Dec 30, 2018 18:30 UTC
Dec 30, 2018 at 18:30 UTC
Bitcoin turned a decade old on October 31, 2018, since its first came into the public domain 10 years ago in 2008. A white paper titled “Bitcoin: A Peer-to-Peer Electronic Cash System” was shared with the world, with a vision to change how the current financial system operates.
The White Paper which is still in the public domain has been the topic of debate almost as long as the Bitcoin has been in existence. Even though the paper clearly mentions Bitcoin as the digital asset which may replace the current Fiat currency system.
Many people believe that Satoshi’s Vision is misinterpreted. There are two sides, one advocate the use of Bitcoin as the day-to-day digital currency for barter, while the other side believes, it was meant to be a ‘store-value’ like Gold.
Gold might be a terrible entity for exchange, but it had held its position as the store-value entity for quite long.
Just like any new technology domain. Bitcoin and Cryptocurrency, in general, have divided pool of opinions. When the internet came into existence almost two decades ago, many termed it to be faux but look at it now.
Same holds true in the case of Bitcoin, where people believe that the actual vision has changed over time, as the technological advancements and new breakthroughs came in. People argue that Satoshi might be the creator of the idea, but he is no god, and Bitcoin being an open-source protocol, the needs and goals have changed over time.
So, what really was the vision of Satoshi when he came up with the White paper? Did we get him wrong? Where would he stand today on the Fork of BTC network? We will try to analyze Satoshi’s original Bitcoin vision and see where the crypto world stands according to that vision today.
You May Also Read: Hash Rate or Hash Power
Bitcoin: Peer-to-Peer Electronic Cash System
Let us start with the title of the white paper itself, Bitcoin: A Peer-to-Peer Electronic Cash System. Now looking at the title, things look pretty straightforward, right? Well, the community is divided over this title as well.
People argue that a cash system must be used like cash i.e for daily purchases, as a store value, as a unit of exchange, and a mode of transfer.
The other side, however, argues that, whatever may be the vision of Satoshi, Bitcoin works best when it has limited utility and use. They believe the term ‘digital gold’ is an exact definition for the pioneer of cryptocurrencies, as it has more potential when used as a store value.
An excerpt from the white paper,
“What is needed is an electronic payment system based on cryptographic proof instead of trust, allowing any two willing parties to transact directly with each other without the need for a trusted third party. Transactions that are computationally impractical to reverse would protect sellers from fraud, and routine escrow mechanisms could easily be implemented to protect buyers.”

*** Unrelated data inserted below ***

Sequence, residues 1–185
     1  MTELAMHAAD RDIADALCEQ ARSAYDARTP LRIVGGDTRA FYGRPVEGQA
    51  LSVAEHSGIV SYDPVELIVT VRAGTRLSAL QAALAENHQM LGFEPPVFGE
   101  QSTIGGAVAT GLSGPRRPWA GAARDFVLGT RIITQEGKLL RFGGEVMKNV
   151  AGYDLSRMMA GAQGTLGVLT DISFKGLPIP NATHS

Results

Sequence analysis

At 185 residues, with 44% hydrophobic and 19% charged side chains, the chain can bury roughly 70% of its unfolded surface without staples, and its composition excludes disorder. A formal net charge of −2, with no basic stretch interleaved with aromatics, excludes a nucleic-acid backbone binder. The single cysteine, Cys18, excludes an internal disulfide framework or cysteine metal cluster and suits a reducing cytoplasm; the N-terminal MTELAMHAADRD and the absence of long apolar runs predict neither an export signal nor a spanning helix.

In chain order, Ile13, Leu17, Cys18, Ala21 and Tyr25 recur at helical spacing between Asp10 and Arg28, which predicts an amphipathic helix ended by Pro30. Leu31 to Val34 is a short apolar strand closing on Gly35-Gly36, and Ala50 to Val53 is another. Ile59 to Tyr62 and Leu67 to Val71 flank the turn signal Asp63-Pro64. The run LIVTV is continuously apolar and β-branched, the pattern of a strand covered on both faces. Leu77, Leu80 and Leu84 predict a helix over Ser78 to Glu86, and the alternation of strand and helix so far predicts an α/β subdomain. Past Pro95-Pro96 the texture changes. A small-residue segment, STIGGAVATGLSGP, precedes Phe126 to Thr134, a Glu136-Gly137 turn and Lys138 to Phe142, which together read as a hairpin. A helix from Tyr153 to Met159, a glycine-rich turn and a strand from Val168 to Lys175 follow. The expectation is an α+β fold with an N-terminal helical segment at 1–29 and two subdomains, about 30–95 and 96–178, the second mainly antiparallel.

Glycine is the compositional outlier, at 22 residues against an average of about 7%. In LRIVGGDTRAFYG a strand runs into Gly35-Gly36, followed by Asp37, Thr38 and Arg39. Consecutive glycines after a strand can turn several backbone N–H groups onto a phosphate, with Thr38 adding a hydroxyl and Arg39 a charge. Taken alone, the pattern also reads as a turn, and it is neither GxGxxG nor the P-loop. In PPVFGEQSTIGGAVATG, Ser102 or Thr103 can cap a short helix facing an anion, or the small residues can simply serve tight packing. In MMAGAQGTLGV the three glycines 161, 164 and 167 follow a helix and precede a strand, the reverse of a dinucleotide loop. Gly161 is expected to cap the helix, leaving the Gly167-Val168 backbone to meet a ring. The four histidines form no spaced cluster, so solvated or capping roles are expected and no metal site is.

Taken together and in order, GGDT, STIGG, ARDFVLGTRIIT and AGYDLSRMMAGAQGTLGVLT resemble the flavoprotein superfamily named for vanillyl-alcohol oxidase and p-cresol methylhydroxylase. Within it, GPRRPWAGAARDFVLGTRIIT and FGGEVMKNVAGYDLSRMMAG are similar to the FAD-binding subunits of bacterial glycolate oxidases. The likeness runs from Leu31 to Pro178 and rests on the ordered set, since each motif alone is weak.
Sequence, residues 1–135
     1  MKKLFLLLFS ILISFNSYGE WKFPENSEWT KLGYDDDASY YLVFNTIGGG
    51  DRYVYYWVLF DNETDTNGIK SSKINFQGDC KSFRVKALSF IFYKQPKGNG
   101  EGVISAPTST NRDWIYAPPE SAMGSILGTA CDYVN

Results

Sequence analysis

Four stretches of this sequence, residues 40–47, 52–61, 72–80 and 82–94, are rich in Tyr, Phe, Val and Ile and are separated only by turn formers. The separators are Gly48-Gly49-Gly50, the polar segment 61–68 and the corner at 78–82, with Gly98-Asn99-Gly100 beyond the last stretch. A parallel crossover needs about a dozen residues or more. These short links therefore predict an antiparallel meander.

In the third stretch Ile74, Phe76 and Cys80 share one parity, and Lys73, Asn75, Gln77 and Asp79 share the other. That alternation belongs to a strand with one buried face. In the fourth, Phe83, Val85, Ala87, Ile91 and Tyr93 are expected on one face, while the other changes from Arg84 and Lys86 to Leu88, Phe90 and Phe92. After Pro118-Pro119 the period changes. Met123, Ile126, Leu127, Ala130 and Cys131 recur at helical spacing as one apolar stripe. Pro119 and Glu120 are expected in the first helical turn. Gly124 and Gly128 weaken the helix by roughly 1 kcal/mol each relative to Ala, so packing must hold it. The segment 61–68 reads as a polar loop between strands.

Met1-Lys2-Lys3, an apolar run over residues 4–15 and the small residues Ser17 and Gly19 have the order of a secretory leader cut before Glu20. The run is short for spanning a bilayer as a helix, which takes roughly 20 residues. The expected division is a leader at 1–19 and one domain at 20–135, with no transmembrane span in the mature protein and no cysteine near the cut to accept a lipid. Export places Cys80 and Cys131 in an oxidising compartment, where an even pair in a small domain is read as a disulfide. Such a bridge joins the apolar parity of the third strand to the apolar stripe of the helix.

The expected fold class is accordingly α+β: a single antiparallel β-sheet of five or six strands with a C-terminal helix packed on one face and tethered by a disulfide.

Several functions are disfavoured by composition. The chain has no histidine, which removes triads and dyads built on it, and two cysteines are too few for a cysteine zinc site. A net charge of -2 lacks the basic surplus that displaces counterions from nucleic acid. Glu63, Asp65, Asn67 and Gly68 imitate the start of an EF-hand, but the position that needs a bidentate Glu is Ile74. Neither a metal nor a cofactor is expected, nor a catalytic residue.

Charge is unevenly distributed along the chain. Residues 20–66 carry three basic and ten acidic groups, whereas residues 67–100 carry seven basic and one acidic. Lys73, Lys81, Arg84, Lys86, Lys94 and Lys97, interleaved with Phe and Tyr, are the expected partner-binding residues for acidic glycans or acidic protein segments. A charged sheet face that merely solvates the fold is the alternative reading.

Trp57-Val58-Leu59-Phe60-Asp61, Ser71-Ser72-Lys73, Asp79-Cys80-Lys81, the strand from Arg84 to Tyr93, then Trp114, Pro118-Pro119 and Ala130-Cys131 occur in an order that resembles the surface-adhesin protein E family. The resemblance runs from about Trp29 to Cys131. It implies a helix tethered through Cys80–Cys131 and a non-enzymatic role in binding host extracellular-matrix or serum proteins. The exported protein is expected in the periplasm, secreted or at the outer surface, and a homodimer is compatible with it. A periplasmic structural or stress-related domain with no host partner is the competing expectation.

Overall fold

You May Also Read: Bitcoin Core
Satoshi used the Proof Of Work protocol combined with cryptography to make decentralization as the backbone of the Blockchain technology, on which Bitcoin and Altcoins are based upon.
However, Satoshi was neither the man behind the invention of Proof-of-Work or Cryptography. He created (co-created) the white paper based on the previous works of cryptographic researchers, including Wei Dai’s B-money, and Adam Back’s Hashcash. B-money and Hashcash were the first proof of work protocols in the world.
Satoshi basically wanted Proof-of-work to validate one Cpu on the network as one vote, and as long as people follow the rules, the network would remain functional and secure.
Here is how Satoshi explains it.
“What is needed is an electronic payment system based on cryptographic proof instead of trust, allowing any two willing parties to transact directly with each other without the need for a trusted third party. Transactions that are computationally impractical to reverse would protect sellers from fraud, and routine escrow mechanisms could easily be implemented to protect buyers. In this paper, we propose a solution to the double-spending problem using a peer-to-peer distributed timestamp server to generate computational proof of the chronological order of transactions. The system is secure as long as honest nodes collectively control more CPU power than any cooperating group of attacker nodes.”
The network is secured through a cryptographic signature, which would be dependent on the previous ledger for verification, thus maintaining the authenticity and security of the network.
Satoshi was Against the Authoritarian Centralized Banking systems
Looking at the White Paper, it is quite clear that Satoshi was not a big fan of the centralized banking systems, who had the authority over user data and financial information.
His vision of a distributed network, where every peer on the chain has total control over their…